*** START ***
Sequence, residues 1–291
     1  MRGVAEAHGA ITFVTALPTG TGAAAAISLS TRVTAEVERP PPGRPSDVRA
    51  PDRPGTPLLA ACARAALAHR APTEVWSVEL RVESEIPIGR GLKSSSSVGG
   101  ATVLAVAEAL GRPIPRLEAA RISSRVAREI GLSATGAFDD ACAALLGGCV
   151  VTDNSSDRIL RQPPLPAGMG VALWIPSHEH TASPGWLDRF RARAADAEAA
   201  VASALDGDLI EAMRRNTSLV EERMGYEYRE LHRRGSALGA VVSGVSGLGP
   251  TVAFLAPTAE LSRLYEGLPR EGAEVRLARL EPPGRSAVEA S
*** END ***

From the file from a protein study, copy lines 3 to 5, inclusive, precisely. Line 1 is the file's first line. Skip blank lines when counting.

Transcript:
    51  PDRPGTPLLA ACARAALAHR APTEVWSVEL RVESEIPIGR GLKSSSSVGG
   101  ATVLAVAEAL GRPIPRLEAA RISSRVAREI GLSATGAFDD ACAALLGGCV
   151  VTDNSSDRIL RQPPLPAGMG VALWIPSHEH TASPGWLDRF RARAADAEAA